“The best nitrogen rate at a site was pretty consistent across the populations,” Lee said. “However, we have a lot of producers right now that are looking at variable rate nitrogen and they are varying their populations also; they’re going from maybe 25,000 to 35,000 plants per acre and they’re adjusting their nitrogen rates as well. 
   “The one year of data suggests that we don’t need to do that. We need to focus on the ideal nitrogen rate and use that consistently across the populations in the field.”
   Baniszewski was testing 30,000 to 60,000 plants per acre, however most farmers are planting 25,000 to 35,000 plants per acre, so the test range is much, much broader than most farmers are using.
   Really high populations were tested because it was expected there would be all kinds of lodging, the plants would fall over, there would be low yields and poor pollination; all kinds of problems were expected to shake out because of the high populations, however, that was not the case.
   “These really high populations have given us decent yields, maybe not always the best, but still good yields,” Baniszewski said. “Overall, we have good standability except for the potassium problem at one site; that tells us that the genetic ability in these hybrids can support really high populations if we’re doing other things right to set up that kind of a scenario.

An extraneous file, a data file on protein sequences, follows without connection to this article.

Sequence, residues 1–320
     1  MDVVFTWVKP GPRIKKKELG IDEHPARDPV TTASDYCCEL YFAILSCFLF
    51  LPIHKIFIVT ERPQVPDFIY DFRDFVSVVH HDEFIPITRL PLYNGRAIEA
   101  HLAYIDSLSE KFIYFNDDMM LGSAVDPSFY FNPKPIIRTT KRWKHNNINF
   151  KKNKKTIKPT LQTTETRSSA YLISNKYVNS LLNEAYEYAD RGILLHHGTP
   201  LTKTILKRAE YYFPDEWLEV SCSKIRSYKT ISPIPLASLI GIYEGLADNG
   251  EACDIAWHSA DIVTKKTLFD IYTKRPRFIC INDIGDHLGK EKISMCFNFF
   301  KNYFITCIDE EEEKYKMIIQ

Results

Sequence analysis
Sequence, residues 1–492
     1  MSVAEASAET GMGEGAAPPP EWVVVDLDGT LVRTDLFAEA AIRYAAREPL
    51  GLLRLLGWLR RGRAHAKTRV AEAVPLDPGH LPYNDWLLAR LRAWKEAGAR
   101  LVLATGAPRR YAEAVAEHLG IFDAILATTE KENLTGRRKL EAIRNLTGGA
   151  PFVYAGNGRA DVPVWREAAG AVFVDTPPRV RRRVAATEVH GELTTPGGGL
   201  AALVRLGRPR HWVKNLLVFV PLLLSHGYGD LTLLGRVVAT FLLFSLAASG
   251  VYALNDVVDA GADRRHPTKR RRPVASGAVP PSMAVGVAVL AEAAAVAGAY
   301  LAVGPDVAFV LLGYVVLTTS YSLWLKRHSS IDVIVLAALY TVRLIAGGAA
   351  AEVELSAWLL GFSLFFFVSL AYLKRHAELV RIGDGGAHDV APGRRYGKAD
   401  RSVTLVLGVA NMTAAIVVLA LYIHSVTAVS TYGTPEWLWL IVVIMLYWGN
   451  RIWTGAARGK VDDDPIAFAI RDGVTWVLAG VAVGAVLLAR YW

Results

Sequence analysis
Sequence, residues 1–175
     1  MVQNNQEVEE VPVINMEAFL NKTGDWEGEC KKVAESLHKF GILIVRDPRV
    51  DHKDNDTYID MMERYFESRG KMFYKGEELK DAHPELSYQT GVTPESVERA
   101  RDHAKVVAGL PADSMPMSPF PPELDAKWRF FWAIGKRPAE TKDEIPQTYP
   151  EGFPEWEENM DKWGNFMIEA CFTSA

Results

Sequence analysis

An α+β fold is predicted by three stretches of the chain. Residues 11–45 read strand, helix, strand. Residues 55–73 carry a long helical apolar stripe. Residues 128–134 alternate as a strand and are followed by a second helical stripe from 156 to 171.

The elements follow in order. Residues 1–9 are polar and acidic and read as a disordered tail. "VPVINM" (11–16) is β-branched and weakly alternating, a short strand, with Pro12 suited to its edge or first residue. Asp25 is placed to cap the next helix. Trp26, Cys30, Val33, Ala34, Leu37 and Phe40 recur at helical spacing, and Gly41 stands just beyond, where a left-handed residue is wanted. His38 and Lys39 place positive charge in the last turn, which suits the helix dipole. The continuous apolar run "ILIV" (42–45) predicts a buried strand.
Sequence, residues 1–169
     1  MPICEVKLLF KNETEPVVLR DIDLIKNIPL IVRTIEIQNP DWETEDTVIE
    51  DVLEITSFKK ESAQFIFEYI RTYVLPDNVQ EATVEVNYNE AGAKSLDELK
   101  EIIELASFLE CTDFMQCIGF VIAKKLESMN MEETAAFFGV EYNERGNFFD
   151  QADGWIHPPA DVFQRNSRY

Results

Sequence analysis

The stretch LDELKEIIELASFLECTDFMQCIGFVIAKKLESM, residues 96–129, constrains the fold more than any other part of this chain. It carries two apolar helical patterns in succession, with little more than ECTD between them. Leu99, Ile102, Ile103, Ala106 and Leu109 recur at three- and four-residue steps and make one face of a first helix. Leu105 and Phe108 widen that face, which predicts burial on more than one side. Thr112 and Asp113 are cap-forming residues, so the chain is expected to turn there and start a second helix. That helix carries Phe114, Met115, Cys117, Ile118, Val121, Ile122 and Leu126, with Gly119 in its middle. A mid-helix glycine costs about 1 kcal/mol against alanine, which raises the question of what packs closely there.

“We have very few farmers at the moment that want to try this on any type of large scale, even on a small scale. About the highest we can get them to try is about 45,000 plants per acre right now in some test plots. We’d love to see them really push populations up and see whether or not that can be a component in helping us increase yields down the road.”
   “All of this wraps up in the term of the moment, sustainable intensification,” said Lee. “It’s the idea of maximizing yields on the land best suited for crop production. And on the land that’s not suited for crop production, keeping it out of crop production.
   “If we’re going to do that going forward we have to figure out how to increase yields and do it more efficiently. So all of this wraps up under that umbrella approach of trying to be more efficient with what we’ve got.
   “Also, we really appreciate our commodity boards for their funding; the Kentucky Corn Growers put the money forward for this project and they’ve helped us with equipment. They’ve helped fund Julie’s stipend to work at the university and they’ve helped us with some of the day-to-day operation; and farmers are helping us by hosting us on their farms, we appreciate that. Whenever we show up on a farm we add to the complexity of what they’re doing already and so the fact that they’re willing to host us and walk the fields with us and try to learn with us, we find that very, very valuable,” Lee said. ∆
   BETTY VALLE GEGG-NAEGER: Senior Staff Writer, MidAmerica Farmer Grower